Thursday, February 03, 2005

Report on ICANN African At-Large Workshop

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The little people aren’t so little anymore
By Haru Mutasa of the Highway Africa News Agency (HANA)

The auditorium packed to capacity with delegates spilling onto the floor is all the proof one needs to understand why the ICANN exhibition booth at the conference had over 100 delegates wanting information on the first day.

Seventeen-year-old Jude Akwei from Accra Academy, a secondary school in the greater Accra region was still scribbling in his notebook as he walked out of the At-Large workshop yesterday. “The session was a great idea to bring us all together like this. If we all work hand in hand a lot can be achieved in a much shorter time,” he said excitedly, “I even got a great idea from the workshop which I still want to keep to myself until I have thought it out more. Let’s just say I am very excited about it.”

The four-hour workshop covered an array of topics from the basics of how the Internet works to what sparked the most debate – civil society’s role in the non-profit organisation of the Internet Corporation for Assigned Names and Numbers (ICANN).

“We want to increase participation in the ICANN process; especially from developing countries,” said ICANN’s communications officer Kieran Baker, “The overall objective is to get people connected to the ICT issues in the region and partnering with different organisations here in Africa.”

At-Large groups were set up to facilitate this participatory process and give Africa's internet users the opportunity to actively participate in matters and decisions made about the internet and how they are affected as users.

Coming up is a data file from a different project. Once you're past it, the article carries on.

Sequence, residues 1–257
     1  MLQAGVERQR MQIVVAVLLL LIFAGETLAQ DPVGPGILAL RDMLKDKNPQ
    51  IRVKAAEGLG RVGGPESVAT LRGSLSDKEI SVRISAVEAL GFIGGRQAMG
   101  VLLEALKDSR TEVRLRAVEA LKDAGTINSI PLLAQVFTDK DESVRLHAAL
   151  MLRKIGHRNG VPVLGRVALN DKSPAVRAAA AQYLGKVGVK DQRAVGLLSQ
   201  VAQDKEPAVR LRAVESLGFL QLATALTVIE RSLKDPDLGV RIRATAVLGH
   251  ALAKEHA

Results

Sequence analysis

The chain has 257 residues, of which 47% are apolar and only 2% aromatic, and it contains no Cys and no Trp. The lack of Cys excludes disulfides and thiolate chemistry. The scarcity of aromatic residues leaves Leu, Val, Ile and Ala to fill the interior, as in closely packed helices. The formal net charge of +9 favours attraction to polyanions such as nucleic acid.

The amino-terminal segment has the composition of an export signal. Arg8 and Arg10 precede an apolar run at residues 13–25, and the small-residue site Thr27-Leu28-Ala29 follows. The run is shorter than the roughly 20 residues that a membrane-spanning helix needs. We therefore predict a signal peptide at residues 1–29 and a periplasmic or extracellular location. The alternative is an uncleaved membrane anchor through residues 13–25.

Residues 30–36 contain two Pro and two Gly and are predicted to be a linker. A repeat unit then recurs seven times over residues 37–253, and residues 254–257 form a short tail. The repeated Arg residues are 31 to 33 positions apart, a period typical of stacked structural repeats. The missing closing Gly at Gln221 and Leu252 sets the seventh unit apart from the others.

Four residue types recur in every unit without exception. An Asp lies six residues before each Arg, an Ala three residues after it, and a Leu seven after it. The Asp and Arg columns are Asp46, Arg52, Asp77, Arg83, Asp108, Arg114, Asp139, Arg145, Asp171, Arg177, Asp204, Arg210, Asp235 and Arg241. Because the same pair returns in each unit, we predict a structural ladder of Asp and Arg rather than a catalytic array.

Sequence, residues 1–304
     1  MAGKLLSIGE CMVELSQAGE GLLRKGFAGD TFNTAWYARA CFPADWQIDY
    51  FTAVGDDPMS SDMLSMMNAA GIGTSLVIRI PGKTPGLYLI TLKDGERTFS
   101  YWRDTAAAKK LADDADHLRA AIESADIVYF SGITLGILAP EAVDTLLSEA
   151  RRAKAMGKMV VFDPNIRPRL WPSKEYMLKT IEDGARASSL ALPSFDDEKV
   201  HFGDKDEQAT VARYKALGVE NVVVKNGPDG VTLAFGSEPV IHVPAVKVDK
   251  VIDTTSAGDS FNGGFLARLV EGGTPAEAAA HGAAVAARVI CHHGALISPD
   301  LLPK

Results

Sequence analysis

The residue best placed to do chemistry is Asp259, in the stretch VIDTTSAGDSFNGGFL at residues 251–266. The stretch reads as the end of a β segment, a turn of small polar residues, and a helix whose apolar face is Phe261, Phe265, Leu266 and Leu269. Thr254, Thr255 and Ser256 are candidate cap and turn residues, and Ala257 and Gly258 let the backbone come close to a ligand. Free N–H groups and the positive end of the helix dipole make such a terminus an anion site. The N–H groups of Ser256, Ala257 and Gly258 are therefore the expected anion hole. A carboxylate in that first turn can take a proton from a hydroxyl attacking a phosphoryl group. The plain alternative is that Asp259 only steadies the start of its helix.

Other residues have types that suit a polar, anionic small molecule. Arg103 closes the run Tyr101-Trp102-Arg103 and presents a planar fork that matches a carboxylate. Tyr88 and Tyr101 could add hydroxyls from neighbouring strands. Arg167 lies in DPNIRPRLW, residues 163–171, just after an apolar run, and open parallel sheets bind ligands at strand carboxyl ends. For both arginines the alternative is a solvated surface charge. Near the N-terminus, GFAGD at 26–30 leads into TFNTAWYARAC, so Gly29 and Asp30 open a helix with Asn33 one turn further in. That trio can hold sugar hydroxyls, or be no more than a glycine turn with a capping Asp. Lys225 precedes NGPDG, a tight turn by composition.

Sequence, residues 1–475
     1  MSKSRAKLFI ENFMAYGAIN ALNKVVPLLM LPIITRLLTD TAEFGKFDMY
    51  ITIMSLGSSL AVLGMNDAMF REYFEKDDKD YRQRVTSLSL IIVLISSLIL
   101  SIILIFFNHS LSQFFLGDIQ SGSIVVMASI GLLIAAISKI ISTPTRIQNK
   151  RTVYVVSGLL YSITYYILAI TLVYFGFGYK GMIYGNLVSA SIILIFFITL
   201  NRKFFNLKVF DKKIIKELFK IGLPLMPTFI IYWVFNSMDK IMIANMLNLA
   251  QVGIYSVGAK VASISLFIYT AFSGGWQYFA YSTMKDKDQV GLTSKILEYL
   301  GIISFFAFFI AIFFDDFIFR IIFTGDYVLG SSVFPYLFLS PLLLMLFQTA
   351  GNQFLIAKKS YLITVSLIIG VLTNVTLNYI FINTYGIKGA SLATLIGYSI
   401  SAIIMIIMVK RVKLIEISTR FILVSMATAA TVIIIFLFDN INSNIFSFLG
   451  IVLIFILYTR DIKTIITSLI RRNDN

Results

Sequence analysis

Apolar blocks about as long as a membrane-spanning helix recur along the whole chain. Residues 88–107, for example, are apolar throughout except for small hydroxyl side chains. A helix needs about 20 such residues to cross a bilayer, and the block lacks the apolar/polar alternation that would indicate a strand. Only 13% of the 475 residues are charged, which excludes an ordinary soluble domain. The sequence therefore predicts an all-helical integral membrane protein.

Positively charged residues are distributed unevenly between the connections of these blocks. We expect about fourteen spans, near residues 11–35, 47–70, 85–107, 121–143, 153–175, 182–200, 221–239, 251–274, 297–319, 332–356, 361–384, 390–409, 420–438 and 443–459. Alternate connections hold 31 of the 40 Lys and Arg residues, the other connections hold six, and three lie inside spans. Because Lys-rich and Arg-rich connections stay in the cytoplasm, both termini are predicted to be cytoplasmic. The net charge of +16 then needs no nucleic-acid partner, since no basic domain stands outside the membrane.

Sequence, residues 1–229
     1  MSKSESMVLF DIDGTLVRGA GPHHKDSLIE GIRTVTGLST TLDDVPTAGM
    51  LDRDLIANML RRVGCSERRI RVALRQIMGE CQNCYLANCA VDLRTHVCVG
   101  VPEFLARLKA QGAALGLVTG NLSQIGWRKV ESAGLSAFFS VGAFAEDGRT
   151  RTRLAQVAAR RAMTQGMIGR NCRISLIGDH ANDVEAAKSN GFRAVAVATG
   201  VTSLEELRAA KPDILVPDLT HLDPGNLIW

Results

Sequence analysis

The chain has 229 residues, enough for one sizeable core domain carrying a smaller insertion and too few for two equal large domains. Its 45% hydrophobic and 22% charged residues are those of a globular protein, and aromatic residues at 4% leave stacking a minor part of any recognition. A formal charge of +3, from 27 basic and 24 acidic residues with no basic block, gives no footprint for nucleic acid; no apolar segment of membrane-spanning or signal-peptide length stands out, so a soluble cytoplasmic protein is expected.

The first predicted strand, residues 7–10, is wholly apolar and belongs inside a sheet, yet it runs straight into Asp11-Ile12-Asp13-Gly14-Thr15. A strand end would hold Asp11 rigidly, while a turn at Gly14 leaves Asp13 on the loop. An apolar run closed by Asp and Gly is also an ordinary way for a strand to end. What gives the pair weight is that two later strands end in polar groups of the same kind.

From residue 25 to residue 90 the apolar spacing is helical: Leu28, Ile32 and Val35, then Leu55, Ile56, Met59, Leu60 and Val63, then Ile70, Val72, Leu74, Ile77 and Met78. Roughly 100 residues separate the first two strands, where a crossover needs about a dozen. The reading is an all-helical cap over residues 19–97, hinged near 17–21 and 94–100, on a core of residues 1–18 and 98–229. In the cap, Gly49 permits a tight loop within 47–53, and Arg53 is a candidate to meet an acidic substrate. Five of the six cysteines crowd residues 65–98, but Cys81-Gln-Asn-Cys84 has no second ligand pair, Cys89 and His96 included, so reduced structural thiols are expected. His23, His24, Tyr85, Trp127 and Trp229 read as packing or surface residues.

A host of groups participate in the At-Large structures on the continent and around the world. These include civil society groups, academic and research organisations, consumer advocacy groups and computer user organisations where they all play a role in community development in their respective countries and regions.

“ICANN is the only organisation where individual users can participate at all levels- anytime - anywhere- via email,” said Baker, “This gives individual users the voice and ability to make an impact on decision making processes within the ICANN structure on all internet issues. Participation is on a regional level.
Here in Africa this means joining a Regional at-Large Structure like the African Youth Foundation for young people.”

The vibrant workshop also highlighted issues still needing attention such as involving the disabled and women in participatory processes – another way Africans can eventually bridge the digital divide.

“Communication is the beginning of a community,” said workshop leader professor Francis Allotey, “We as Africans have to do to it ourselves (bridge the digital divide) because nobody else will do it for us.”

ICANN has already started encouraging community participation by creating a separate ICANN website www.afralo.org and translating all materials and hosting conferences in French and Portuguese.

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